Medical Biochemistry and Biophysics, Karolinska Institute
The Structural Genomics Consortium has deposited more than 1700 structures in PDB. The focus on high-throughput protein production combined with a multi-construct approach has laid the foundation for this success. The methods used
for cloning, expression screening in various expression hosts and parallel protein purification will be presented as well as some recent advances to increase throughput. Development areas like producing protein complexes and biotinylated
antigens will also be included.
5:45 Close of Day
6:00-7:00 Reception in the Tiki Pavilion
FRIDAY, JANUARY 22
8:00 am Conference Registration and Morning Coffee
8:30 Chairperson’s Remarks
Jonas V. Schaefer, Ph.D., Head, High-Throughput Laboratory, University of Zurich
8:35 High-Throughput Protein Expression, Purification and Analysis for Next-Generation Binder Selection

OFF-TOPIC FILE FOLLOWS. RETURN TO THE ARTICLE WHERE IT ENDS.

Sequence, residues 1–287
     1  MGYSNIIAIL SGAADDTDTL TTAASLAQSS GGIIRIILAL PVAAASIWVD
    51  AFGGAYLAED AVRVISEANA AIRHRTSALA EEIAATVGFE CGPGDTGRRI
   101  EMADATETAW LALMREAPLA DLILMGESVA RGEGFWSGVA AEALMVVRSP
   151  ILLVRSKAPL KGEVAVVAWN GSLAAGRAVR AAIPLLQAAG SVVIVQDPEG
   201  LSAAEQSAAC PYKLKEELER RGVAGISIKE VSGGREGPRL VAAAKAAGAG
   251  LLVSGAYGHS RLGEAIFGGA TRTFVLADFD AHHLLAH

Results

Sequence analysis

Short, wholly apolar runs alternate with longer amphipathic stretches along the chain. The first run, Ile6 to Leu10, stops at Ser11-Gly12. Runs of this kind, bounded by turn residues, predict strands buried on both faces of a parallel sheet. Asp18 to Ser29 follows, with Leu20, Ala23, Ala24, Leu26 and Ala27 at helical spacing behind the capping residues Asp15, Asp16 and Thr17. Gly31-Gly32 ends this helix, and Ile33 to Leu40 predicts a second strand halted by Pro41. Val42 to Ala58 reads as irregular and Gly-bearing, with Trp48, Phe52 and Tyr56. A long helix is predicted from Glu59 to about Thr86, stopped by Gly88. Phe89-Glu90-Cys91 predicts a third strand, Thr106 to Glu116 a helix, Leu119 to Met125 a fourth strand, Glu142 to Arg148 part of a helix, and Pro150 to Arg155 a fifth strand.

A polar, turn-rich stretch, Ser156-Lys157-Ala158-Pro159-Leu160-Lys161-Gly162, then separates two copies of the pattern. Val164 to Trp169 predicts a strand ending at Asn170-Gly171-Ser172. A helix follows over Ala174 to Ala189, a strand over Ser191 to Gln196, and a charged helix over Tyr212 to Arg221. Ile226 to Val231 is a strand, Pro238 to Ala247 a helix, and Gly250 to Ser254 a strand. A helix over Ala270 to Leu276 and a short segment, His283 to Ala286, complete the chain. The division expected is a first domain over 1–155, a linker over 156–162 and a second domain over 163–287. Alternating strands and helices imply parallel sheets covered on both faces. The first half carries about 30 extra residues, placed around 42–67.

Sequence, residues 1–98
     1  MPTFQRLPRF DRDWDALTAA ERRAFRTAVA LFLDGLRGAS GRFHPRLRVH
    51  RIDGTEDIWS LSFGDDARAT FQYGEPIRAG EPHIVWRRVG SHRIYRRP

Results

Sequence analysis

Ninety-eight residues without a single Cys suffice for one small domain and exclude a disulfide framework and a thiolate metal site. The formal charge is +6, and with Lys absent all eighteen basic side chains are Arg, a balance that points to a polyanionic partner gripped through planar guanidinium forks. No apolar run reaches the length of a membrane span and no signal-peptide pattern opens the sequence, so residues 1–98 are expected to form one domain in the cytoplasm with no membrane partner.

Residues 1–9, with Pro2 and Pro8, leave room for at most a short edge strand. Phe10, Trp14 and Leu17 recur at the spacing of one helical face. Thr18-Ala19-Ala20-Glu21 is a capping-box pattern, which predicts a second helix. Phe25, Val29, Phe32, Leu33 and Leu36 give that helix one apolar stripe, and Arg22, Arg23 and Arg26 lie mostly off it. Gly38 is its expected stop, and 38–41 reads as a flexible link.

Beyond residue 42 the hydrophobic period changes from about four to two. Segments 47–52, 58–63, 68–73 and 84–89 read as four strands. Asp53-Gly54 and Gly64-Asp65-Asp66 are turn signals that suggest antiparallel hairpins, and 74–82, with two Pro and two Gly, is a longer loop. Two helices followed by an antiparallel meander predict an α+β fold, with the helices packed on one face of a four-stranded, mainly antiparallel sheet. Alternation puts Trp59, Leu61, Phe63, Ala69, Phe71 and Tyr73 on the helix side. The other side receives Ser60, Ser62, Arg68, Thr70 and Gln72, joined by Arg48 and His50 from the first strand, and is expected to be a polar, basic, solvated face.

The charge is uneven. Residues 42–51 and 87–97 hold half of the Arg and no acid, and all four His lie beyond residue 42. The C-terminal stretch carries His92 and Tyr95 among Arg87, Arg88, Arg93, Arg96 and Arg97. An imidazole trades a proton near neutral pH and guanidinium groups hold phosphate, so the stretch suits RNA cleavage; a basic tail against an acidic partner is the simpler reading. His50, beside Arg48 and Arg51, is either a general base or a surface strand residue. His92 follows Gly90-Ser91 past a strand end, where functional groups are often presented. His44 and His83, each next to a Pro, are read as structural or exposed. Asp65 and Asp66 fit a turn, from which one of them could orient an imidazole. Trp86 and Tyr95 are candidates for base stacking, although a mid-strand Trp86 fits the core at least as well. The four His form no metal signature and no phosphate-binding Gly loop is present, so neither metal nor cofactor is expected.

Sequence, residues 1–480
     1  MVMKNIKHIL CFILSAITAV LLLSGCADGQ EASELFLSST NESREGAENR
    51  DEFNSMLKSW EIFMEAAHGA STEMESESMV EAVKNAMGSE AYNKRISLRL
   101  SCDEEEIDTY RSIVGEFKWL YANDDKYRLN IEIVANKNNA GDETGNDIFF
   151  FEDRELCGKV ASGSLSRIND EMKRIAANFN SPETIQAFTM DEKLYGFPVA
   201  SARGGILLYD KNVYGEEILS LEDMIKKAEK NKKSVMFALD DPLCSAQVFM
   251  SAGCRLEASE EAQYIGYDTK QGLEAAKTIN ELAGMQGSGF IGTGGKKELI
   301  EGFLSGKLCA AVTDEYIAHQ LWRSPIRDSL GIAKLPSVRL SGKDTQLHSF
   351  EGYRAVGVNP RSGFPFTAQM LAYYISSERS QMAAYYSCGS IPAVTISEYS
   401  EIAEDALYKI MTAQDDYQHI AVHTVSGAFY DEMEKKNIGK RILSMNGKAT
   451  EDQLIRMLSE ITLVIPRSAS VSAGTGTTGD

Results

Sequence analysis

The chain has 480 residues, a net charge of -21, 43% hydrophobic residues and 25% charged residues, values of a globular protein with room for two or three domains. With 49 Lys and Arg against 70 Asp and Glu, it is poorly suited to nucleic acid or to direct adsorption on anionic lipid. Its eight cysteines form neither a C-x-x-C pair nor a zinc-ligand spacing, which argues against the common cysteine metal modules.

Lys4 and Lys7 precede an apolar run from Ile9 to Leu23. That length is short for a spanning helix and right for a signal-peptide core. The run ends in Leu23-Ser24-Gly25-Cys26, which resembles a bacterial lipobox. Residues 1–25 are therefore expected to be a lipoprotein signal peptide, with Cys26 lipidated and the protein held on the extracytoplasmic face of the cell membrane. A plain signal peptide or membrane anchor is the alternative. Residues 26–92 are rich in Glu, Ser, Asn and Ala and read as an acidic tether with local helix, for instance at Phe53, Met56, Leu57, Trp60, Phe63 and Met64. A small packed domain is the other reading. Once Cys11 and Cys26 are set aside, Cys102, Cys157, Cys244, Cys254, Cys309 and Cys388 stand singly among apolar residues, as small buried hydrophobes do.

Jonas Schaefer, Ph.D., Head, High-Throughput Binder Selection Facility, Biochemistry,
University of Zurich
Expressing, screening and analyzing thousands of affinity reagent candidates for their properties remains one of the major bottleneck in binder generation. In my presentation, I will highlight our recent developments using a mixture
of adapted and novel technologies to improve these steps, and thus to increase the speed and efficiency of our binder generation pipeline. In addition, innovative applications of our selected binders will be presented.
9:05 High-Throughput Techniques for Glycosylation Analysis of Therapeutic Antibodies
Dietmar Reusch, Ph.D., Director, Development Characterization, Pharma Biotech Production
and Development, Roche Diagnostics GmbH
Several methods for glycoanalysis of antibodies are presented, including chromatographic, electrophoretic and mass spectrometry-based methods, with a focus on high-throughput techniques. We developed a method that is based
on a DNA Sequencer. After APTS labelling, the glycans are detected with a fluorescence detector. The other method is based on glycopeptides. We compared the results for a therapeutic antibody obtained with the two high-throughput